Good stuff, right? You should hear what I left on the cutting room floor. That the study of populism “has not recovered from the hatchet job done by pluralist social scientists and ‘consensus’ historians in the ‘50s—even use of the phrase paranoid style…Shows it’s better to have a catchy phrase than a good idea.” He complained about “’public intellectuals’ who don’t know the difference between Mussolini and Tortellini.” And that “twenty years is a long time if you are a twenty-two year old undergrad but shouldn’t be if you are a historian or even a public intellectual,” and that he counts himself as “Those of us esoteric enough to think scholars of conservatism should know something about Hoover and Mark Hanna.”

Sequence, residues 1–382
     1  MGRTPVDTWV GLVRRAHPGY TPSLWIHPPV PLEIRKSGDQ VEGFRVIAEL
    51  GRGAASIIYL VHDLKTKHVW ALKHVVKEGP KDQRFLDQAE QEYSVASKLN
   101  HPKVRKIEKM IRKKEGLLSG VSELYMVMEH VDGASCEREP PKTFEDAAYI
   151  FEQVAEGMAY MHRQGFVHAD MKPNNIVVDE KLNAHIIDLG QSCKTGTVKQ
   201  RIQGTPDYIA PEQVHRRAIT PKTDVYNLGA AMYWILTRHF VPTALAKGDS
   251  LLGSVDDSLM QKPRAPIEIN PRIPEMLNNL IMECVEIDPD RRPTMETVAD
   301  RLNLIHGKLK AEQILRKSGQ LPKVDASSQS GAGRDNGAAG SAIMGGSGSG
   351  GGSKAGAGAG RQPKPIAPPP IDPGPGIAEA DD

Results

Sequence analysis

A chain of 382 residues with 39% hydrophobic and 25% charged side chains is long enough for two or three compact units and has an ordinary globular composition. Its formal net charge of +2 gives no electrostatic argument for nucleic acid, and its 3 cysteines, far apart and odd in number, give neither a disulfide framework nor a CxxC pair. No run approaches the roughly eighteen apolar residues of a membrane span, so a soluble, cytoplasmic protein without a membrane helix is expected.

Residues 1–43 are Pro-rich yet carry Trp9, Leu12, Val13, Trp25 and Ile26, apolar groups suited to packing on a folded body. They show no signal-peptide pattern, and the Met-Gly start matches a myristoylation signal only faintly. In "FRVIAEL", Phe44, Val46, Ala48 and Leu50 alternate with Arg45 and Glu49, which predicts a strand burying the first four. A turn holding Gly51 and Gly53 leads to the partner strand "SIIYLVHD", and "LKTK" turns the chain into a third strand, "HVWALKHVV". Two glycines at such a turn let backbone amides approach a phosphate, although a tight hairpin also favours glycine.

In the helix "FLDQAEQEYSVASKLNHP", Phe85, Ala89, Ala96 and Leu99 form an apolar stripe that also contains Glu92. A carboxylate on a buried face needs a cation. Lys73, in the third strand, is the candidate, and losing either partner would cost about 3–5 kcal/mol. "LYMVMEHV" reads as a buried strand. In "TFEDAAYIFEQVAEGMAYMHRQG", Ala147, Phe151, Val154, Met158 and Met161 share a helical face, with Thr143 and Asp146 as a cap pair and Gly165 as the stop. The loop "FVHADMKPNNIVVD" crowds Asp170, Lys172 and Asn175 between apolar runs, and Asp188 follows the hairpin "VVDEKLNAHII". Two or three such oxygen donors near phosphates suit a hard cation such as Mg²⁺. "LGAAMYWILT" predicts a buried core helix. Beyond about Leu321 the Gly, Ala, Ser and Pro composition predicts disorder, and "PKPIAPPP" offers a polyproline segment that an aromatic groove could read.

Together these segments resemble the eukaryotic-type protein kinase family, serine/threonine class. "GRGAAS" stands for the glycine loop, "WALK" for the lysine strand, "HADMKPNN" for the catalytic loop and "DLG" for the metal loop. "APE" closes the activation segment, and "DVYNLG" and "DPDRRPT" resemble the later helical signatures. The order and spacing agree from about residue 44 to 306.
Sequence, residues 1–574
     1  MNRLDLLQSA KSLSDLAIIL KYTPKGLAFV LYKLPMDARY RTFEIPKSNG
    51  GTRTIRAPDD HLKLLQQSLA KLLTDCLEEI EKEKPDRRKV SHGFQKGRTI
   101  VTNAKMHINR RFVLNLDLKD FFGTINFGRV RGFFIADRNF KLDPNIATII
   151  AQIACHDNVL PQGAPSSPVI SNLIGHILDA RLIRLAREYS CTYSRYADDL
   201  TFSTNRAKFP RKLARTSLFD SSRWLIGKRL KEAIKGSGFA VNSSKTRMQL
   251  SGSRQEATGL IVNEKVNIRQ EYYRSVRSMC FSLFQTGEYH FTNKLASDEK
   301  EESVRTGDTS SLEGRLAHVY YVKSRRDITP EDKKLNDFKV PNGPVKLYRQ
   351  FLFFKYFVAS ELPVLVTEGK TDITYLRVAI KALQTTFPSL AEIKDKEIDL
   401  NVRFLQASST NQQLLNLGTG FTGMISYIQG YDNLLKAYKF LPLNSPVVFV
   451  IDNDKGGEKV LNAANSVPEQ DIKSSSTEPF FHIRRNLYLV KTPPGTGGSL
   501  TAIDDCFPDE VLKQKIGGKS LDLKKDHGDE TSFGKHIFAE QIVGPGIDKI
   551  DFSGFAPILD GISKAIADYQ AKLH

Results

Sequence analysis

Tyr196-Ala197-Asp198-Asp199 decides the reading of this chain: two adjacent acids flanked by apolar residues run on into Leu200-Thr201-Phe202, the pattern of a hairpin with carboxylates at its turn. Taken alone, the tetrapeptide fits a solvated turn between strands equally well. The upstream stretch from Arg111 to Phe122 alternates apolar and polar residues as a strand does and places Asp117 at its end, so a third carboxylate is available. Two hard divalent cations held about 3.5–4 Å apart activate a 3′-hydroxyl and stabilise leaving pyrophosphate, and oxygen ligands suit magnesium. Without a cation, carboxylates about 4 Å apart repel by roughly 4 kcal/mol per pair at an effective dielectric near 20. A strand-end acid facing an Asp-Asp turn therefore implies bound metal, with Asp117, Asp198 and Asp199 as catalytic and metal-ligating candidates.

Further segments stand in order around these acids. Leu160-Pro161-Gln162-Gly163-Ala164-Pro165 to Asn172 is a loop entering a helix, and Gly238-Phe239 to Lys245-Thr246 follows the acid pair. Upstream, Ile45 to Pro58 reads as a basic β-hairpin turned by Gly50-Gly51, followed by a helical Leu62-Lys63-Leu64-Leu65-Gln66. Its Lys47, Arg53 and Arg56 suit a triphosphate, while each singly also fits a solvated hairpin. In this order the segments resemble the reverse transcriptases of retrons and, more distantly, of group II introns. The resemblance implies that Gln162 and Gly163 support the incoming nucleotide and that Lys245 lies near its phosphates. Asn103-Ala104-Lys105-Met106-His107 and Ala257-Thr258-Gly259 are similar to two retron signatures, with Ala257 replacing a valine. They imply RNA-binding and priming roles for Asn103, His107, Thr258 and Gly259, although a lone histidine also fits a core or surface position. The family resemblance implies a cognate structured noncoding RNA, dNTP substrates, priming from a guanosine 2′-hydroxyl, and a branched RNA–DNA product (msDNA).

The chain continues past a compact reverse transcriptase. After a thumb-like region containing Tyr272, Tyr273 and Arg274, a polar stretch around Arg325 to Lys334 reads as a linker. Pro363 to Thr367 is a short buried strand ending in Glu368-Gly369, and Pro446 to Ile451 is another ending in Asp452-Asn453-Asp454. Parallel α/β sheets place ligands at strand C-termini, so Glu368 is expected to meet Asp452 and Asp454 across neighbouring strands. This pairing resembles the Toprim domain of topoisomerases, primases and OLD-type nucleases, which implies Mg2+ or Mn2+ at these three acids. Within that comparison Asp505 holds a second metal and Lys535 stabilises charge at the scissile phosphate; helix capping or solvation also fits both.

In any event, Leo told me, “I’m too old to change my methodological ways, and in any case, it’s too late to be discovered as a public intellectual.” Let’s hope not, Leo. But if you’re not interested, I swear I’ll do my best to keep carrying the torch.